Funds dry up; no political party interested in revival
By Tariq Butt
The National Accountability Bureau (NAB) will die an unsung death by the middle of the next month as its funds have dried up and no major political party is interested in reviving it.
“In the last federal budget, we were allotted a meagre sum of money, just 20 per cent of our actual annual requirements. The reduced allocation will be consumed by Oct 15, and after that, we will have no money to run the NAB,” a senior official told The News.
He said the higher NAB authorities were in touch with the law ministry, under which the organisation was recently placed for administrative purposes, to seek the release of more funds so that the organisation did not meet an unnatural death.
The ball is now in the court of Law Minister Farooq H Naek, who tasted the cruel accountability process of Pervez Musharraf for years while representing Benazir Bhutto and Asif Ali Zardari in different accountability courts.
The official said the NAB now had a very few contractual employees while all others were regular personnel who, in case of its winding up, would have to be absorbed somewhere else or in the new accountability outfit which the government might create.
He said he had heard about the formation of a high-powered committee that would suggest the overhauling of the structure of the present NAB or a new organisation in its place. Interestingly, the official pointed out, all its members — Adviser to the Prime Minister on Interior Rehman Malik, Law Minister Farooq H Naek, Defence Minister Chaudhry Ahmed Mukhtar and Planning Commission Deputy Chairman Salman Farooqi — were tormented by the NAB for a long time.
Mukhtar had to remain in jail for years while Salman Farooqi and Rehman Malik succeeded in escaping the long accountability arm as they fled Pakistan. They came back only when they were offered protection and safety by President Musharraf through the National Reconciliation Ordinance.
The official said the NAB was now so hard pressed that even its investigating officers avoided visits to save fuel and, thus, could not undertake ground checks, while the organisation even used the ordinary post instead of the faster courier services for essential correspondence.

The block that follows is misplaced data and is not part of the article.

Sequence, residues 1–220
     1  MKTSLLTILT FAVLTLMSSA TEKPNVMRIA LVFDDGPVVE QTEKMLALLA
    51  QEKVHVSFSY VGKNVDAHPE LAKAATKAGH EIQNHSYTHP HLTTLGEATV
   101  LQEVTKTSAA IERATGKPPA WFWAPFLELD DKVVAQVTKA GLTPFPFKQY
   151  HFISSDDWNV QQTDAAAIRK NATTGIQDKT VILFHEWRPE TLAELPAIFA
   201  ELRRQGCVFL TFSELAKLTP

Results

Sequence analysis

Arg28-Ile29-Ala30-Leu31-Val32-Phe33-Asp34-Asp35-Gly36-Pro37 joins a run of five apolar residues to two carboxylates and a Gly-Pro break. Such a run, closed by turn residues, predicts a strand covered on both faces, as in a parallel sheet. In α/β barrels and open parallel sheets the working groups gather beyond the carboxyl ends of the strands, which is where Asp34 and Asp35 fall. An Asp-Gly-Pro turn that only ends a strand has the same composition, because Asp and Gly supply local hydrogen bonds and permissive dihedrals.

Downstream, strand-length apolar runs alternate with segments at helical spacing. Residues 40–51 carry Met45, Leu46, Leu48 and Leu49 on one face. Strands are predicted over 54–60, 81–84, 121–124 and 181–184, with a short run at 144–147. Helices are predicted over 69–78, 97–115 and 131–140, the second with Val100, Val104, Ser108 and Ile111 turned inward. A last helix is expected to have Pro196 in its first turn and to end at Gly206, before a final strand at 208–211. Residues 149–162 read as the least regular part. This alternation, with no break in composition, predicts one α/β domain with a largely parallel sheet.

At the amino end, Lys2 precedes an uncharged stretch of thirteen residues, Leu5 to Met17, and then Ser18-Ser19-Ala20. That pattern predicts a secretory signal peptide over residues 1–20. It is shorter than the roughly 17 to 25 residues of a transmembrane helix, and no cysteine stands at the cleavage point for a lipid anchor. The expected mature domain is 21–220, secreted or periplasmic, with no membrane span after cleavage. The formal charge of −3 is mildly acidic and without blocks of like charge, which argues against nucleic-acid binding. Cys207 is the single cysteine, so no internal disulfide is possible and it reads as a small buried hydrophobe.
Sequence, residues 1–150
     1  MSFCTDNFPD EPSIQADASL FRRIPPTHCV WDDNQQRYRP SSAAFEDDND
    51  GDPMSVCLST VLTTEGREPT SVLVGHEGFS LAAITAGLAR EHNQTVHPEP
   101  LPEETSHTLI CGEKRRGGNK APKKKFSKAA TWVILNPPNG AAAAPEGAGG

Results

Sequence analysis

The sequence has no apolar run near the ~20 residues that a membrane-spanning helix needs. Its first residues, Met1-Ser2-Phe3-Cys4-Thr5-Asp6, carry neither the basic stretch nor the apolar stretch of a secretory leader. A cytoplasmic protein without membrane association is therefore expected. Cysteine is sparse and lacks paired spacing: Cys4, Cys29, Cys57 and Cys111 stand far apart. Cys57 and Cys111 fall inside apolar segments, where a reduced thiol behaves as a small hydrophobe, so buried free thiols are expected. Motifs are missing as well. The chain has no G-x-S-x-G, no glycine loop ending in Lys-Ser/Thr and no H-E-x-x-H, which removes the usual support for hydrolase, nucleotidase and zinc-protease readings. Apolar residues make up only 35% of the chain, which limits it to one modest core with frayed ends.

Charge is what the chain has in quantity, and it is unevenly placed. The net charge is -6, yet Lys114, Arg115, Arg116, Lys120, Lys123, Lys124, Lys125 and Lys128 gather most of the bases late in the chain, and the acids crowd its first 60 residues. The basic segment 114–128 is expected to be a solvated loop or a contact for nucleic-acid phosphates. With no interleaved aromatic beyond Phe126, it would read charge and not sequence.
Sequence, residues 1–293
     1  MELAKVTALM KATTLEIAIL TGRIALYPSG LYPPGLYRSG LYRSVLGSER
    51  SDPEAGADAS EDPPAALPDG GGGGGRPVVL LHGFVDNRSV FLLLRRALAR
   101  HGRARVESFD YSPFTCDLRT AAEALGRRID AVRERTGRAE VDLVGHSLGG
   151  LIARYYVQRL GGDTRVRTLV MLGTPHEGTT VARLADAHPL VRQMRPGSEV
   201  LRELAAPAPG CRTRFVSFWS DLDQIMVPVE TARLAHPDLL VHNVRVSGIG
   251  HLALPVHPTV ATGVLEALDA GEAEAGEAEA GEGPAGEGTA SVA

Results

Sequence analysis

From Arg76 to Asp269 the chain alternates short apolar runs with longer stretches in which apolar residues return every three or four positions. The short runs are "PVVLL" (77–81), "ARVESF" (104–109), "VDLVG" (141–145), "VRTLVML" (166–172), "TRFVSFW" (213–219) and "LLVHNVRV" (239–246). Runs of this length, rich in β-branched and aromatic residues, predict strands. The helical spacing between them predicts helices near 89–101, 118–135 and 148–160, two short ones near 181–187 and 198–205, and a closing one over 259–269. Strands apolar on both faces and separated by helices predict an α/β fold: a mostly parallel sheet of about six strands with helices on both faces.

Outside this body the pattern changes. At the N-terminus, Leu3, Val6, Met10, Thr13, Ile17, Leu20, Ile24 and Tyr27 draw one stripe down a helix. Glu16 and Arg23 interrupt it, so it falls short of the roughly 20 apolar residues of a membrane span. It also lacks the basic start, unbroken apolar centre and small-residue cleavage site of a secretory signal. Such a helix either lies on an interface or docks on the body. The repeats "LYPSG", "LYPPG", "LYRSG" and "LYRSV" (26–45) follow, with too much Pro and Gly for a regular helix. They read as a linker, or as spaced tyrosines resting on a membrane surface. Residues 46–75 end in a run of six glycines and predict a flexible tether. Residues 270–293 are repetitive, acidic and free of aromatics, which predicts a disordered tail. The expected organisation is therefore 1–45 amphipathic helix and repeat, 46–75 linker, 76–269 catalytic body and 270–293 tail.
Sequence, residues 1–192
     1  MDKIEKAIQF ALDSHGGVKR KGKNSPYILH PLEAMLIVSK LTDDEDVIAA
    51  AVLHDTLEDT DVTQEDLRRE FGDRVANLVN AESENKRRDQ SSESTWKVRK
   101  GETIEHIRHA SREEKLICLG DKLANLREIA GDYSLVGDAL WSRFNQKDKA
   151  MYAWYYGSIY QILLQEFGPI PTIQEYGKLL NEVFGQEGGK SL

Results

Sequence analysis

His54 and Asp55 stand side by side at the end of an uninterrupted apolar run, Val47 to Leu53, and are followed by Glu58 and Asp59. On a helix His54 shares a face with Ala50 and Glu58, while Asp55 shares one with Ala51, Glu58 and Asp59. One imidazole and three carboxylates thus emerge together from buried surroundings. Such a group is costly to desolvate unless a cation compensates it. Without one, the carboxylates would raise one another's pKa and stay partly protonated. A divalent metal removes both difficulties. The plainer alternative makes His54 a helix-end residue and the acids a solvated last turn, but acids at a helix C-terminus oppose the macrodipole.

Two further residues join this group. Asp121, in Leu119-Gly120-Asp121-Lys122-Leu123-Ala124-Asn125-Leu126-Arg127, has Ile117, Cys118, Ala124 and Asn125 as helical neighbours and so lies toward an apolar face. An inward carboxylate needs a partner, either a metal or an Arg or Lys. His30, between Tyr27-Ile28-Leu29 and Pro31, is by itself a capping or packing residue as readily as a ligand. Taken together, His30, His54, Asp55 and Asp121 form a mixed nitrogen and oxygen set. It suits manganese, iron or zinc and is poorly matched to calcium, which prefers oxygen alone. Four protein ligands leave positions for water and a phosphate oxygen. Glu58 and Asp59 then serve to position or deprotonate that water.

The NAB now has some 700 cases being heard in the Accountability Courts across Pakistan, which involve billions of rupees. After its closure or creation of a new organisation in its place, these cases are likely to be transferred to the already overburdened district and sessions judges to be argued by the public prosecutors.
“This will bring a Tsunami of corruption because there will be no specialised handling of these cases as the NAB has been doing through its dedicated prosecutors,” the NAB official said and apprehended that hardly any accused named in these cases would be convicted and no corruption money would be recovered.
He said the NAB returned Rs 50 to the government for each rupee that it gave to the organisation since its creation. He said the government had so far provided a total of Rs 4.1 billion while the NAB has returned Rs 226 billion.
The official said the NAB had also heard about the likely formation of a truth commission on the pattern of Bangladesh where it was being prescribed for the corrupt to hand over their ill-gotten money and remain unpunished. But, he said, such a scheme would hardly succeed in Pakistan.
The closure of the NAB is a priority agenda item of the government and Prime Minister Syed Yousuf Raza Gilani has also made an announcement to the effect, but they want to shut it down in a proper way. It will first scrap the law under which the NAB was formed and is functioning. This will automatically bring an end to it.
Across the entire political and parliamentary spectrum, there is not a single voice that supports the existence of the NAB. Everyone of them has been speaking against it in different times. Its fate will be no different from that of its author, Pervez Musharraf.
Analysts said the NAB had already outlived its utility. It was basically meant to persecute the opponents of Musharraf, an objective that was achieved in the first few years of its establishment. There hardly remains any justification for the presence of the NAB or any other anti-corruption agency in Pakistan when laws like the NRO are enacted to protect the corrupt while multitudes of corruption cases are consigned to dustbin within no time.
Source: The News, 15/9/2008